Update to Park Morton Redevelopment Plan
Both at the July 13th meeting of ANC1A and last night’s meeting of the Park Morton Steering Committee, LaToya Thomas or Dantes Partners presented where things currently are with the Park Morton redevelopment effort and to solicit feedback related to the PUD process and potential amenities. ANC1A will consider both PUD cases 16-11 and 16-12 in September.
In reviewing the current plan, it is worth noting that the layout for the Park Morton site has been revised in response to comments from the Office of Planning (OP) which was concerned primarily in the areas of extending the street grid, creating rear yards for rowhouses, and having houses face streets. Below is the plan revised to address OP’s concerns. Interestingly enough, the new configuration increases the number of housing units on the site by six (6) (see configuration as originally proposed in the PUD application here).
The discussion at the Park Morton Steering Committee meeting primarily centered around potential amenities that could result from the PUD applications. There are a number of amenities/community improvements that I would like to see incorporated into both sites. I’ll list a few of them below.
- Increase and expand Capital Bikeshare in the neighborhood (posted earlier here);
- The large building planned for the Georgia Avenue site will be 90′ tall with a green roof. I would like to see it constructed to meet LEED Pilot 55 so that it is a bird friendly building by avoiding bird strikes;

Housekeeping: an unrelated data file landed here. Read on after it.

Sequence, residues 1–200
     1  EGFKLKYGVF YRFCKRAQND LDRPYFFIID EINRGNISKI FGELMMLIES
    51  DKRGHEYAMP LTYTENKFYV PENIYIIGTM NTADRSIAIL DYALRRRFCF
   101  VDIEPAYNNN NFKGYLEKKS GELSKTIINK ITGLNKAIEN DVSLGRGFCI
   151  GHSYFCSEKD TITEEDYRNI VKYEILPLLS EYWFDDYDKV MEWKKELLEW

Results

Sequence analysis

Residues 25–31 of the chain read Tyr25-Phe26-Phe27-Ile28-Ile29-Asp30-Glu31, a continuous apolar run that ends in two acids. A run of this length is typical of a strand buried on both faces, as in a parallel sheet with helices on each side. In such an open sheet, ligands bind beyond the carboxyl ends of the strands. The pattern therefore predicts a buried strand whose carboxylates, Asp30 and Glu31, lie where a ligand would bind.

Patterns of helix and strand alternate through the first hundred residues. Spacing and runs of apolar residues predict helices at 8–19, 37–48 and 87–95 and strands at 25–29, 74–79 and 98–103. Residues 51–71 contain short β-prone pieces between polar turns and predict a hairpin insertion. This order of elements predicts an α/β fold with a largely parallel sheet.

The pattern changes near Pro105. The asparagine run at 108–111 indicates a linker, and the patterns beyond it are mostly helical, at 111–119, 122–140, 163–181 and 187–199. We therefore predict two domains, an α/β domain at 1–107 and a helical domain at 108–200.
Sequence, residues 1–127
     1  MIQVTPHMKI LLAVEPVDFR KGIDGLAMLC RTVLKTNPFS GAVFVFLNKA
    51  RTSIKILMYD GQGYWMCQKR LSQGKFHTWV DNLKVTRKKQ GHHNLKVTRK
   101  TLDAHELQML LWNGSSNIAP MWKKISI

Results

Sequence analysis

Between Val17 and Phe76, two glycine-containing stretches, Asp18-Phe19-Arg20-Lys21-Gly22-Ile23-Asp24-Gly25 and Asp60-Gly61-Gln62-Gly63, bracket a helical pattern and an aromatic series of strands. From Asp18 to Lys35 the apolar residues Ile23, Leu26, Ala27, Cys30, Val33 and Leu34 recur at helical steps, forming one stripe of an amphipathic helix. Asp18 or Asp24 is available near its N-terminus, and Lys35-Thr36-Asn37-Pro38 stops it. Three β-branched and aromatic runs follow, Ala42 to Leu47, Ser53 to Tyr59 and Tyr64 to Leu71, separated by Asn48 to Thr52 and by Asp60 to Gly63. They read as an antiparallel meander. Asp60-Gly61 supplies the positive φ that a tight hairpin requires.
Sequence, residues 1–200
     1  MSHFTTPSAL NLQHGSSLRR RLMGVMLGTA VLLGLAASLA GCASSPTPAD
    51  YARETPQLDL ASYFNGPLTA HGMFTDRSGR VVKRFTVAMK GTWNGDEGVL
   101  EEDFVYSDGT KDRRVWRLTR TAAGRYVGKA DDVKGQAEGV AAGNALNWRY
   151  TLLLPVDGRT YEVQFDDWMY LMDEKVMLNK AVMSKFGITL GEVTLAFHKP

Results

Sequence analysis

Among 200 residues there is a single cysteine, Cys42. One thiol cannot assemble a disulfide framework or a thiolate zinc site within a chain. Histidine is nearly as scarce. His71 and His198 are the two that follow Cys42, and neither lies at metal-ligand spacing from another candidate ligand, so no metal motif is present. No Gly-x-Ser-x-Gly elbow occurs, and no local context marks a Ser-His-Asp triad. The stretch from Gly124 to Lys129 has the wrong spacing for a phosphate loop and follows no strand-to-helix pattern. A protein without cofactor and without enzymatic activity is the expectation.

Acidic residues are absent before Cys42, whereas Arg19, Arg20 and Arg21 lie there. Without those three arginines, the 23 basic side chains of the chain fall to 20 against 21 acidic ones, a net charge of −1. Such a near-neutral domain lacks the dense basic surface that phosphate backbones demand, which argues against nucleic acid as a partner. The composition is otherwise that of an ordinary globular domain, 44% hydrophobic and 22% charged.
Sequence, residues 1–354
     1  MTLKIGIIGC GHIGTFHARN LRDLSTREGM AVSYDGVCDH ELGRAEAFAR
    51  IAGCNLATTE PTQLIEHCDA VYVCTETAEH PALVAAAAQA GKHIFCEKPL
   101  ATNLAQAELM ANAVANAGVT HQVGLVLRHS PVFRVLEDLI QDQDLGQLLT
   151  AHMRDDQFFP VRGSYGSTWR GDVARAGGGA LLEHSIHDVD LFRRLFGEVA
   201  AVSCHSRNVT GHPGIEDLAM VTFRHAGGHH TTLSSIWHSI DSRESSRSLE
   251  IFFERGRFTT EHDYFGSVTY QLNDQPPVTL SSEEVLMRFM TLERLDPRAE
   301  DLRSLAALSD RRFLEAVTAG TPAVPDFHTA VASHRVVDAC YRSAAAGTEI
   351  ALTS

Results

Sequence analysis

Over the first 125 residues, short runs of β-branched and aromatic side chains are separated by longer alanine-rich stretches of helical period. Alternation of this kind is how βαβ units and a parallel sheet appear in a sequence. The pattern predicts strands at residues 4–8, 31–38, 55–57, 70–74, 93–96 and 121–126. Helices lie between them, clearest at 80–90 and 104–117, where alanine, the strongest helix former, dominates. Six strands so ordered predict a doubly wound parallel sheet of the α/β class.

- The two parks provide naming opportunities. The new park at the Park Morton site could be named after Marie Whitfield — who in her life served as an ANC Commissioner, was President of the Park Morton Resident Council, a resident of Park Morton for over 30 years, and a staunch community activist who worked diligently to improve her community. Similarly, the park at Georgia Avenue and Columbia Road could be named in honor of Dr. Roscoe Conkling Brown, a former Park View resident, alumni of Howard University, and a pioneer in the area of dental health. Both sites could also include information boards with text and photos highlighting the accomplishments of each; and,
- In addition to incorporating new sidewalks and street trees where none currently exist, it would also be ideal if the existing and new streets that are part of the project could install historically compatible street lighting. In reviewing DDOT’s Streetlight Policy and Design Guidelines, the lighting that would be most compatible with the surrounding community would be the Washington Family of lighting, including teardrop fixtures when needed.
It also goes without saying that there will need to be a community process to program how the two park spaces are designed. As the ANCs and community groups work through the PUD process, I’m sure many more ideas will come forward.Explore posts in the same categories: Development, Housing comment below, or link to this permanent URL from your own site.